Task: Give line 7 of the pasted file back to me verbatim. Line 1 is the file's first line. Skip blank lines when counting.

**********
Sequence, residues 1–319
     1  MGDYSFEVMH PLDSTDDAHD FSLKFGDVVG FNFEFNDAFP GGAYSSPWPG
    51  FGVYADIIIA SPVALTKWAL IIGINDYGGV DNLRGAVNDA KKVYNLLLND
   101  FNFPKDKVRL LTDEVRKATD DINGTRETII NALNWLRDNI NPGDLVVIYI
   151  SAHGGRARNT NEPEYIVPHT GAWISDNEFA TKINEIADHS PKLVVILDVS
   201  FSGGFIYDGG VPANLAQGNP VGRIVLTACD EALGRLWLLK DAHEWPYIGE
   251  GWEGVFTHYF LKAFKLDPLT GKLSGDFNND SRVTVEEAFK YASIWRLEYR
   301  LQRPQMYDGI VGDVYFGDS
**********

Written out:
   251  GWEGVFTHYF LKAFKLDPLT GKLSGDFNND SRVTVEEAFK YASIWRLEYR